We often hear about how job seekers can use social networks like LinkedIn and Twitter to their advantage. But what’s sometimes overlooked is the biggest network of them all: Facebook.
We think of Facebook as a way to connect with friends, not necessarily hiring managers or employers. But with over 500 million active users, Facebook is useful for professional networking, too.
Here are some ways you can use Facebook to land your next job:
1. Follow your target companies on Facebook. Some companies, such as Ernst & Young and Ford Motor Company, have special Facebook pages specifically for recruiting. You might find out about job opportunities on their Facebook pages quicker than finding their postings on a job board or their own career portal. It's also a place to learn more about the company culture and ask the recruiting department questions about the hiring process. In smaller companies, the page may even be monitored by the decision makers, putting you in direct contact with the person who offers opportunities or hires.
2. Contact employers directly. Facebook allows users to send messages directly to other users even if you aren't friends with them, which is especially useful if you can't find their contact information anywhere else. Be careful with this approach though. Some people only want to communicate with their "real friends" on Facebook. Before contacting someone, make sure you've done your homework, and send a personalized message making sure to let them know who you are and why you are contacting them.
3. Use BranchOut for networking. BranchOut is a Facebook application similar to LinkedIn. It helps you find where your friends work—and where your friends’ friends work—and discover connections at your target companies or in your field.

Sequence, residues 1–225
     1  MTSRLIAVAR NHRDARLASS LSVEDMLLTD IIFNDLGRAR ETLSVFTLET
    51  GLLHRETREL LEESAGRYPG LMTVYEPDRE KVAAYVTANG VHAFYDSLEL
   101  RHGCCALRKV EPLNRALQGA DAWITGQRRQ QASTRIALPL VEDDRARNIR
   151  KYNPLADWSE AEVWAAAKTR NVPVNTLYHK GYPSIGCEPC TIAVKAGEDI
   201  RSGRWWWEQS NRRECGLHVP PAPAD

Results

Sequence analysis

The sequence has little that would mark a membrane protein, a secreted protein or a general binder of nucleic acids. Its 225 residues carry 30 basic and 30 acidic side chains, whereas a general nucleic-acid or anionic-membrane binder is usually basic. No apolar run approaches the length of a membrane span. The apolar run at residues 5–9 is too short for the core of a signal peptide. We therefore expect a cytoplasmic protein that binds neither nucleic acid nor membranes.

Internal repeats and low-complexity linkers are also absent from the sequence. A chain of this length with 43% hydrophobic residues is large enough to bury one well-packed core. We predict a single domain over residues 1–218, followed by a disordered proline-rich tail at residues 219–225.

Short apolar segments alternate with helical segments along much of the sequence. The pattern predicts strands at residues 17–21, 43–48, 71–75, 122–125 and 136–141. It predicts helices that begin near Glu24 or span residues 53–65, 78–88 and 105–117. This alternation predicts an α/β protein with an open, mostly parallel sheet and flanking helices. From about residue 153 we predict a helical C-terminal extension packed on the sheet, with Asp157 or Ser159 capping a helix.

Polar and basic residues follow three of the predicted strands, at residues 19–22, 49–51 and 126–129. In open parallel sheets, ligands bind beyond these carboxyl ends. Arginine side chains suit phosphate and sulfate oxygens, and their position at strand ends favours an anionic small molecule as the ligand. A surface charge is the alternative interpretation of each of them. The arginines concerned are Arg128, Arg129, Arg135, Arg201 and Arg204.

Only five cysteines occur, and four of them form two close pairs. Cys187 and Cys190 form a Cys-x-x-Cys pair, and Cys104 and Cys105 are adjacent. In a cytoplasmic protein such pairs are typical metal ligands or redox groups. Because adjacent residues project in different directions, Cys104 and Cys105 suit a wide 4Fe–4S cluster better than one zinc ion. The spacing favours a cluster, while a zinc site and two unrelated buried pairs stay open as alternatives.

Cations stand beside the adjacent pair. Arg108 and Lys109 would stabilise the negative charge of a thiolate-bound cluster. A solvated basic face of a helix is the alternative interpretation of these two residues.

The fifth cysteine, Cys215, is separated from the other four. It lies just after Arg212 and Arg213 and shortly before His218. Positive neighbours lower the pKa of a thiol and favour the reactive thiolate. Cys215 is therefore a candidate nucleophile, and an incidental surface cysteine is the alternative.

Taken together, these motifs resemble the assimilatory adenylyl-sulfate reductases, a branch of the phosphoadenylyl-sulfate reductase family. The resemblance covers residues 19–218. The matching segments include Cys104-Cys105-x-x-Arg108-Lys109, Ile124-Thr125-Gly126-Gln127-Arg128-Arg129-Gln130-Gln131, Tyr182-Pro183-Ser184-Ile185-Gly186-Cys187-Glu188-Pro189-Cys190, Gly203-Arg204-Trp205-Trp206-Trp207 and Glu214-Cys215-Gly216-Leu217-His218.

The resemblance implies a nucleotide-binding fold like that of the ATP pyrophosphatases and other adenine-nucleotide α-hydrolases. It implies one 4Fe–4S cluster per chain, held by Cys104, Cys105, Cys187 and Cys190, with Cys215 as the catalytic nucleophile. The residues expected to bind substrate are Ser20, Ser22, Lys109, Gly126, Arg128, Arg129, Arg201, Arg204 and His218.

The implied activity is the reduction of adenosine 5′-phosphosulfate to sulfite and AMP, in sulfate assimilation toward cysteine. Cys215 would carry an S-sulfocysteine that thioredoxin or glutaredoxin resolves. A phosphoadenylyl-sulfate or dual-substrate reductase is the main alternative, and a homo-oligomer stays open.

4. Consider experimenting with Facebook Ads to target certain employers and gain attention. For a few bucks a day, you can promote your work through a creative job search advertisement. Target the ad to reach only people who work in certain companies or have specific information listed in their profile. Link to your online resume, blog, or other social media profiles so interested parties can quickly learn more about you.
5. Keep your privacy settings open enough for people to find you. If most companies are using social media sites for research as studies suggest, you want to make sure you profile can easily be found. It's a good idea to lock down certain parts of your profile, making, for example, personal photos available to your friends only, but allow biographical data, including your employment history, to be searchable. Also consider having your profile indexed in Google and allowing even non-friends to send you private messages.
6. Let your network know you’re on the job hunt. Letting people know some of the details of your job search could lead you to new introductions. Who knows, your college friend's cousin's wife might be the HR Manager in a relevant industry or at the company where you just applied—and maybe that person is willing to make a direct introduction. You could get the inside scoop with a simple status update letting your friends know the latest on your job hunt.
7. Optimize your profile for your job search. Make sure you fill out your employment history. You can easily list your professional online sites as well in the "information" field. Showcase some of your work, like writing samples or presentations, using third party Facebook applications like Slideshare. And play around with your privacy setting to make sure you job search information is accessible to everyone and everything else is only accessible to your friends.
Lindsay Olson is a founding partner and public relations recruiter with Paradigm Staffing and Hoojobs, a niche job board for public relations, communications and social media jobs. She blogs at LindsayOlson.com, where she discusses recruiting and job search issues.